Objective: To document the Institutional Review Board (IRB) review process and to explore the impact of different patient notification procedures.
Data sources/study setting: Review of IRB application and correspondence records prospectively collected during a multisite study of health care quality involving telephone interviews of 3,000 participants across 15 primary care sites.
Study design: Records were reviewed to ascertain: (1) the type of IRB review conducted, (2) the number of days from submission to approval of the IRB application, (3) whether the IRB required patient notification and/or consent prior to the release of names, and (4) patient participation rates.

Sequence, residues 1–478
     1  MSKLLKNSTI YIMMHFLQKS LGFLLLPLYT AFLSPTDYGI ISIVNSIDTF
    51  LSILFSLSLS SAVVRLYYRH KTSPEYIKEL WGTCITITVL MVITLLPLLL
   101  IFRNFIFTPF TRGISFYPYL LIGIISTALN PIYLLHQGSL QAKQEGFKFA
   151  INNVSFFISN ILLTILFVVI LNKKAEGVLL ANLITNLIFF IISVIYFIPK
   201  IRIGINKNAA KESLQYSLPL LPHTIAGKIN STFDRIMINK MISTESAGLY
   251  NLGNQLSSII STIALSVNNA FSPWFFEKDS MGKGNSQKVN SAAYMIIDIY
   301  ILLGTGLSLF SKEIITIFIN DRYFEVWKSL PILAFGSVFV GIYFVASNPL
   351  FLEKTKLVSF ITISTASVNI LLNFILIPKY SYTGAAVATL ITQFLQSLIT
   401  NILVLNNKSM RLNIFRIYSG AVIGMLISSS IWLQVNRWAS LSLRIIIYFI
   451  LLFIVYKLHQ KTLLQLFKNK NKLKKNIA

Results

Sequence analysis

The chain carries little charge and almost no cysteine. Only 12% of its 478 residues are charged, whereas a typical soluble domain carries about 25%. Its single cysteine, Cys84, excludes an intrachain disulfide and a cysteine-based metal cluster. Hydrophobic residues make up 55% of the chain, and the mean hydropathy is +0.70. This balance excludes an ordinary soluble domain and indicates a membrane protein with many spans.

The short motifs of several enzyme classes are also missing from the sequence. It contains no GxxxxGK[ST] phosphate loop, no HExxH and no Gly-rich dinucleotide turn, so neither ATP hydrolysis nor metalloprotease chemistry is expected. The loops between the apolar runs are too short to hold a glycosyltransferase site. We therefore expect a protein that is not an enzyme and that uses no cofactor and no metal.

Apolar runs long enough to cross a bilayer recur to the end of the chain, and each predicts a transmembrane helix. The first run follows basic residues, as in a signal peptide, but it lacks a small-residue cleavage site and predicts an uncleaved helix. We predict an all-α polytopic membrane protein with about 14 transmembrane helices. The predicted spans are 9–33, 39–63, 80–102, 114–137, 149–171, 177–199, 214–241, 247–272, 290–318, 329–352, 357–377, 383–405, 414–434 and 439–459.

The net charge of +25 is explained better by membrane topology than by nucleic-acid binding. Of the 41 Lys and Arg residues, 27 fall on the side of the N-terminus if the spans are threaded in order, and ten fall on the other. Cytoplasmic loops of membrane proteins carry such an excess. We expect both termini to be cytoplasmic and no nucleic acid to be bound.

Data collection/extraction methods: The study coordinating center prepared a common study protocol for IRB submission and assisted sites with submission. The application, correspondence with the IRB, consent script, and patient letters were collected, reviewed, coded, and analyzed.
Principal findings: IRBs at the 15 sites and survey center varied in the type of IRB required and the number of days from submission to approval (range of 5-172 days). Four sites required patient notification in advance of the study; 2-11 percent of patients refused in opt-out sites and 37 percent in the single opt-in site. Participation among contacted patients did not appear to be related to patient notification procedures.
Conclusions: Variations in IRB requirements can affect response rates and sample generalizability.